vice by the Japanese. I guess you'll
find that this and the Krupp story
are both war scares , because our nav-
i al attaches report that the marvelous
explosive Is only a picric acid com-
j pound which we've been shooting here
or several years.
' "We've had the most powerful ex-
losives of modern times waiting for
tins strong enough to shoot it for
lore than a dozen years. But nobody
ould devise the gun. Well , we've got
lie gun now , and we're using the ex-
loslve In It , and I dare say that these
tins shoot the best and their gun-
ers aim them stralghter than any
ther guns are shot by any other na-
on In the world. "
"PISA WAS BUILT TO LEAN. "
Measurements by an American Show
Tower Never Was Perpendicular.
New York , July 28. Whether the
. .eaning Tower of Pisa was built that
, -ay or accidentally slid out of the
erpendic.ular has long been a subject
f controversy. Prof. William U. Good-
ear , curator of the Brooklyn museum
f art , has just returned from a trip
broad undertaken to make measure
ments and surveys which would deter-
line definitely the point In question.
"I am convinced of the obliquity of
lie tower was according to the design
f the architects , " 'he said today.
The tower stands in shallow , well-
haped construction of masonry. I
lade measurements particularly in
lie spiral stairway , taking the dis-
ances on each side of every step for
lie entire height of the tower. These
leasurements are of remarkable In-
erest as regards sequence and grada-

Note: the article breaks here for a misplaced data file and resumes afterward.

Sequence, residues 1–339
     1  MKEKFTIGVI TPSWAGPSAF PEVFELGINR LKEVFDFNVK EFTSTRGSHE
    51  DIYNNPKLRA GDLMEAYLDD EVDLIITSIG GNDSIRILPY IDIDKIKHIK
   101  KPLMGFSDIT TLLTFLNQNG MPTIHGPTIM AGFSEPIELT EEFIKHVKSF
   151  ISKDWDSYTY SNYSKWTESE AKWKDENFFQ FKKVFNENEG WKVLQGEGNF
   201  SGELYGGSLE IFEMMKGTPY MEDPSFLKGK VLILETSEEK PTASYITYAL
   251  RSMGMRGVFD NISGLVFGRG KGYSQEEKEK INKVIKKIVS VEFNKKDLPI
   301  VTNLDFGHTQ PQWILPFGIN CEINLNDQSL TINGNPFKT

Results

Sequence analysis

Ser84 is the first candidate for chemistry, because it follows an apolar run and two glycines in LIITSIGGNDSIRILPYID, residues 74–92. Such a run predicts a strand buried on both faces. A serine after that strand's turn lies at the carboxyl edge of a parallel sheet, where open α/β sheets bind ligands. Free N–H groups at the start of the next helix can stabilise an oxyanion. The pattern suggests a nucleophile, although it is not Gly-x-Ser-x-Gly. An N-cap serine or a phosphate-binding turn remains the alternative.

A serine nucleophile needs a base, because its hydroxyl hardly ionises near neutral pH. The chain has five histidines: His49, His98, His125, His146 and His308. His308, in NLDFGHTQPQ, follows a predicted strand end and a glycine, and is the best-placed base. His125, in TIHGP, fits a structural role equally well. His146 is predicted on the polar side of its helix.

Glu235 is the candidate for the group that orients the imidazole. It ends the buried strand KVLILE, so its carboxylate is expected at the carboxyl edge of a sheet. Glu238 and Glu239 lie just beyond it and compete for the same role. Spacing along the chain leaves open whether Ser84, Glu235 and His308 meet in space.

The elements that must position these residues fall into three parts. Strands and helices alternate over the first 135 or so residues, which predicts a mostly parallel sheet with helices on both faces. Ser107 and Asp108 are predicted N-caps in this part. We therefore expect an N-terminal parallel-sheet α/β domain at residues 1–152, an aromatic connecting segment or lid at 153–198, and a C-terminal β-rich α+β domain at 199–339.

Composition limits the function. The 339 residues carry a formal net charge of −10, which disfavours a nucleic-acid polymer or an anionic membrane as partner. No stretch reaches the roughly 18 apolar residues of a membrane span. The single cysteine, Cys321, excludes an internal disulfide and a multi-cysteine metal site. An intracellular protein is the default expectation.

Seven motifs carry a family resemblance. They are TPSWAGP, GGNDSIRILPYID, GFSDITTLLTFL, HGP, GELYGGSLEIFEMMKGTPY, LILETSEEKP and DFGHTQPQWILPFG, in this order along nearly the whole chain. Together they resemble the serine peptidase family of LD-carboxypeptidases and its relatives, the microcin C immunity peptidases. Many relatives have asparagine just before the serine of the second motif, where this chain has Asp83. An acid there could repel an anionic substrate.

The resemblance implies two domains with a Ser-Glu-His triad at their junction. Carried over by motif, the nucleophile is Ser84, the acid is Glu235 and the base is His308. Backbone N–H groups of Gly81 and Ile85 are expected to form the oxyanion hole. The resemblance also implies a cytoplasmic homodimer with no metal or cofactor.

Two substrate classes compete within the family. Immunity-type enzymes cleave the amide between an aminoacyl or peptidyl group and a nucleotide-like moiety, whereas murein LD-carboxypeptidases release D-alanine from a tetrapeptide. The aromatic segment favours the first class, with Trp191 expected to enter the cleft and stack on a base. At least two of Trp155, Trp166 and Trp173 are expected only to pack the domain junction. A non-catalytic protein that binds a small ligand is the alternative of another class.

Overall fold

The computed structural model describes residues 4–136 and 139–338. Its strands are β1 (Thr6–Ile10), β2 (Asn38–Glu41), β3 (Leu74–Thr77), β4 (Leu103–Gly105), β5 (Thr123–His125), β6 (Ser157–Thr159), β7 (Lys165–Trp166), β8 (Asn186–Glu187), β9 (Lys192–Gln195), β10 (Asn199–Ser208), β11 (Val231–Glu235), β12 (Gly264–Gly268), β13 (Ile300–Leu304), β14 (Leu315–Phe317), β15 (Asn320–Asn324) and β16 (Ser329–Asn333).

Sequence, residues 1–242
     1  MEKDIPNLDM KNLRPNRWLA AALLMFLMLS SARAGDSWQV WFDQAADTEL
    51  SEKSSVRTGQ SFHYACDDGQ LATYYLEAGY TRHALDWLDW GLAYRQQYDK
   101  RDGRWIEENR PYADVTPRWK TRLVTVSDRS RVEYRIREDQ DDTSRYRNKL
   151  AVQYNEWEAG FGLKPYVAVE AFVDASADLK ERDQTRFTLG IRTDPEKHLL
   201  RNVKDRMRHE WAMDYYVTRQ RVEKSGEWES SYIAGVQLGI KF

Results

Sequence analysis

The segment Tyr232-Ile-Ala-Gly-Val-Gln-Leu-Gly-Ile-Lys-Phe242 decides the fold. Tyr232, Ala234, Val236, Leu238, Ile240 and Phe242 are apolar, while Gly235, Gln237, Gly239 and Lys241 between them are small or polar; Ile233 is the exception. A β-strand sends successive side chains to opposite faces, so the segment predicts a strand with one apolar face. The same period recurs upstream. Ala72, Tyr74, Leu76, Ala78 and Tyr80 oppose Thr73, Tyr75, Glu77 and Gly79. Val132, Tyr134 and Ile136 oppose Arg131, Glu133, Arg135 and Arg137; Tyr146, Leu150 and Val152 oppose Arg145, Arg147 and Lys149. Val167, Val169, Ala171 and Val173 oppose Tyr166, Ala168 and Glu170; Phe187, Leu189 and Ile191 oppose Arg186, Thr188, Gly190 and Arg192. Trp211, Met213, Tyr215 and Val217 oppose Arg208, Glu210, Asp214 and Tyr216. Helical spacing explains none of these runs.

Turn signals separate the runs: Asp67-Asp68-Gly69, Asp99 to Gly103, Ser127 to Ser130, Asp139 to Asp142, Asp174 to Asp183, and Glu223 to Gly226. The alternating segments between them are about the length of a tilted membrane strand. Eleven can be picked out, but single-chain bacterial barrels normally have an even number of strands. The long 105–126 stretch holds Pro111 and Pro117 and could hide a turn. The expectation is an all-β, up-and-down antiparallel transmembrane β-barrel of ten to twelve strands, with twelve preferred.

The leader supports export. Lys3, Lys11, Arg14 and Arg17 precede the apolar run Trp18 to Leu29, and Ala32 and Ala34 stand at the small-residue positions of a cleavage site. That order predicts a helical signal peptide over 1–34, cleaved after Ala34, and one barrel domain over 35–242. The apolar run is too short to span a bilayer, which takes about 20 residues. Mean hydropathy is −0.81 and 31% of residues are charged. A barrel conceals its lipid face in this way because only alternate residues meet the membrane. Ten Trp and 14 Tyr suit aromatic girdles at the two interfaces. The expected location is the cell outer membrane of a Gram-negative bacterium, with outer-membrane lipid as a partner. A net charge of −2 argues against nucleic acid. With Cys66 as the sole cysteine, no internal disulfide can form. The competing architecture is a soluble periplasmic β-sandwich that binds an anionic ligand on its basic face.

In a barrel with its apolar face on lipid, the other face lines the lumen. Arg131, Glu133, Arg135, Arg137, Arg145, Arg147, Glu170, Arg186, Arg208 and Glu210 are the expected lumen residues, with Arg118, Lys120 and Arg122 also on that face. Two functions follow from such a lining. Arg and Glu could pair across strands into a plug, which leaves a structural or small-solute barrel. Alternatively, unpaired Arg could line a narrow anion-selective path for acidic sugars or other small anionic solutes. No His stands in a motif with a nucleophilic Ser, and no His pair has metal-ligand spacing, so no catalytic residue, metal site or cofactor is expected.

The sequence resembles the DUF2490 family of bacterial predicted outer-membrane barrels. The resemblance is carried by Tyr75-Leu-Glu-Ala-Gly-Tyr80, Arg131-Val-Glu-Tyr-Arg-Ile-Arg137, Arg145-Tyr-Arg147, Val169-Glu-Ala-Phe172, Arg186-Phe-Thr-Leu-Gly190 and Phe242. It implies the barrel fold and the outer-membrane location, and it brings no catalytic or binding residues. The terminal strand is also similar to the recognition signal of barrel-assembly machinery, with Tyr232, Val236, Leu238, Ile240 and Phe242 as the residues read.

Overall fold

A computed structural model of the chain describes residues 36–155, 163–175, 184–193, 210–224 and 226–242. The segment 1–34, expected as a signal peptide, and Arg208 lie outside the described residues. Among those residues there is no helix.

ion and are not compatible with acci-
lental obliquity. To my mind , they
stabllsh beyond debate that the tow-
T was built to lean. "
HURLED TO HIS DEATH.
Black Hills Mill Worker is Caught in
Deadwood , S. D. , July 28. While re
pairing a mill at the Mogul plant at
'lurua , James Blow , aged 27 , was
aught In the belting and whirled to
FROM WHERE KIMONOS GROW.
A Wonderful Collection Is Owned by
Hallle Ermlnle Rives-Wheeler.
New York , July 28. Hallie Ermlnle
tlves-Wheeler , wife of the charge d'af-
alres of the American embassy at
St. Petersburg , Is at Asbury park for
; he summer , where her friends are
'easting their eyes on a wondrous col-
ectlon of kimonos , acquired while her
lusband was attached to the embassy
The finest specimens are the wed'
ling kimonos. These are wonderful
: hlngs In the eyes of the Japanese
Irl , the chief articles of the trous
seau , and upon them Is lavished all
the work and all the money the family
can afford. To a Japanese matron
the wedding kimono Is as sacred a ?
the wedding ring to the Caucasian wo
"Tho finest one I have , " said Mrs
Wheeler , "Is a pale blue , richly wover
crape , with foam and spray of the set
embroidered In seed pearls. Red birds
flying over the sea are made of cora
beads , and the full moon above It al
is an opal held in place by cmbrold
ered silk , the tone of the opal fires. "
Mrs. Wheeler declared that she hn <
become a convert to the kimono tdei
about her home. She does all he
writing in one and has them for al